Should a Hamline-Midway pizza restaurant be allowed to provide carryout and delivery service overnight until 6 a.m.? That’s a question the St. Paul Planning Commission’s Zoning Committee will take up later this month, as the committee members consider a request from Doge Pizza, 629 Aldine St.
After almost two hours of debate, the committee laid the matter over until May 18. The committee is asking Doge Pizza owners Ahmed and Said Abdi and neighbors to meet with the Hamline Midway Coalition (HMC) Community Development Committee. Zoning committee members are hoping some sort of compromise can be found. The restaurant is a nonconforming use, in the middle of a residential neighborhood.
629 Aldine was built in 1915, with a storefront on the first floor and dwelling space above. For many years it housed a corner store.
By 1992, the storefront was vacant. That year the Planning Commission approved a permit for reestablishment of nonconforming use, which allowed a pizza delivery restaurant to open on the main floor. The property is zoned for residential use, but in this type of situation where a longtime property use predates the modern zoning code, a use can stay with a permit and conditions.
A condition of approval was that the restaurant be closed between 12 a.m. and 8 a.m.
Different restaurants have operated in the storefront since 1992, including Cheney’s, Eden Pizza and Eureka Vegan Compass. Doge moved into the space in 2021.
Since August 2021, several complaints have been filed with the city’s Department of Safety and Inspections (DSI) about noise generated by the building’s hood/vent system. Neighbors have also complained about noise, trash and what a city staff report describes as “potential prohibited commercial sales activity.”
The overnight pizza sales started earlier this year. Doge’s owners said they didn’t know they were in violation.
The owners indicated in one application to the city that they want to extend hours to 4 a.m. During the May 4 meeting, the suggestions was made that hours be extended to 6 a.m. Ahmed Abdi said the owners are struggling to keep the restaurant open, and that the early-morning sales have been a boon to business.
Senior City Planner Josh Williams recommended denial of the request to expand hours, citing the potential for additional commercial traffic in a residential area, and detriment to the character of a largely residential neighborhood.
“My analysis is that changing the hours expands the noise and traffic impacts in the neighborhood,” Williams said.
HMC recommended approval at a recent meeting, but some neighbors said that meeting wasn’t noticed properly. They also pointed out that Ahmed Abdi is a district council member and has a potential conflict of interest.
Action at the zoning committee level was delayed earlier this spring to allow HMC to weigh in. The district council could opt to not review the matter again, said Assistant City Attorney Peter Warner.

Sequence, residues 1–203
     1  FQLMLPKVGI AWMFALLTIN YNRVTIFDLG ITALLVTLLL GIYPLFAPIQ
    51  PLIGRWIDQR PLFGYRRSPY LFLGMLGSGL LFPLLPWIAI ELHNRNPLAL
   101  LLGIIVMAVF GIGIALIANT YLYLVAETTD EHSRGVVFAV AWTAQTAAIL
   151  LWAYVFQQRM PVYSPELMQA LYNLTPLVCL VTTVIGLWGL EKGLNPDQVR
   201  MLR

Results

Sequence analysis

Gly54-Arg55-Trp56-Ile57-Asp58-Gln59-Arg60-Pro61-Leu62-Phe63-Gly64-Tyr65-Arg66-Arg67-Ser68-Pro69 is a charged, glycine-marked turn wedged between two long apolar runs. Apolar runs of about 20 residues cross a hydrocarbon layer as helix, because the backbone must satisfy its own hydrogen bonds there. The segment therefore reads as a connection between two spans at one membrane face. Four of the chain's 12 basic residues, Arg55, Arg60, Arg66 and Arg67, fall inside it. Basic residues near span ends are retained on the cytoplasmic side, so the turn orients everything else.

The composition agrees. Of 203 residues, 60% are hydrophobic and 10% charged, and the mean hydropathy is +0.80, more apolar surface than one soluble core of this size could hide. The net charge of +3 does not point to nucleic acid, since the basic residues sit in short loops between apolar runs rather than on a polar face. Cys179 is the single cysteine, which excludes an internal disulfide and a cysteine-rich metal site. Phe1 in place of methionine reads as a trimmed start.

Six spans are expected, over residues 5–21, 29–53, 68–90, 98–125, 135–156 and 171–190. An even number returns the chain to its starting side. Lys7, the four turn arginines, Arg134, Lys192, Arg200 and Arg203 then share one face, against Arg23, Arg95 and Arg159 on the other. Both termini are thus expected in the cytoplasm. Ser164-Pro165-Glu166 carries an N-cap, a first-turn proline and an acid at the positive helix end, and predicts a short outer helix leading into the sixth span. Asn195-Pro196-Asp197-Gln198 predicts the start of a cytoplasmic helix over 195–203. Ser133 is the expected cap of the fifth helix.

Commissioners said they want to see more community discussion. “What I see is a bunch of conflicting issues, which make it hard to make a decision,” said zoning committee chair Jake Reilly. Others on the committee agreed, saying they’re inclined to deny the request outright unless some kind of compromise can be reached.
“We are not profitable,” Abdi said. The extended hours were tried without the restaurant owners being aware of the restrictions tied to the nonconforming use permit. The extended hours have boosted business and meet requests of neighbors wanting an overnight food option. The busiest time for business is 1-2 a.m.
While they sympathize with the challenges Doge has faced during the pandemic, commissioners are also concerned about impacts on neighbors, with vehicles coming and going at all hours.
While the zoning committee and ultimately the Planning Commission can vote on operating conditions for Doge as part of a change in nonconforming use, commissioners agreed that any property code issues have to go to the Department of Safety and Inspections (DSI). One issue opponents have cited is noise from a ventilation/hood system. Abdi the hood system isn’t operated overnight.
He also said his family has made significant investments to the Aldine building. They rent the space and do not own it.
Abdi said when his family took over the building, “it was a mess.” There is still a need to replace the ventilation hood system, which could cost as much as $100,000. He said the restaurant owners will seek a sales tax grant from the city.
The request to change hours got 34 letters of support, mainly from people who want food during the overnight hours. Abdi said about 70 percent of orders are for delivery, with 30 percent pickup.
Opponents sent in 20 letters, with half a dozen testifying before the zoning committee.
Brian Mundy, who lives next door to Doge, said the owners won’t deal with issues and won’t work with neighbors. His family deals with the stress of vehicles pulling up and doors slamming, and headlights shining in their home’s windows overnight.
Mundy said despite a warning from the city about violating the nonconforming use permit, Doge continued to operate in violation for a time.
Julie Hellwich is a longtime small business owner and neighborhood resident. While she understands the challenges small businesses are facing, she said the overnight hours put too much of burden on the neighborhood.
Five other neighbors testified in opposition, saying the overnight hours aren’t compatible with a residential neighborhood, and that the Doge owners should have known what they were dealing with when they moved into the building. “This is not a good fit,” said Teresa LePaine.
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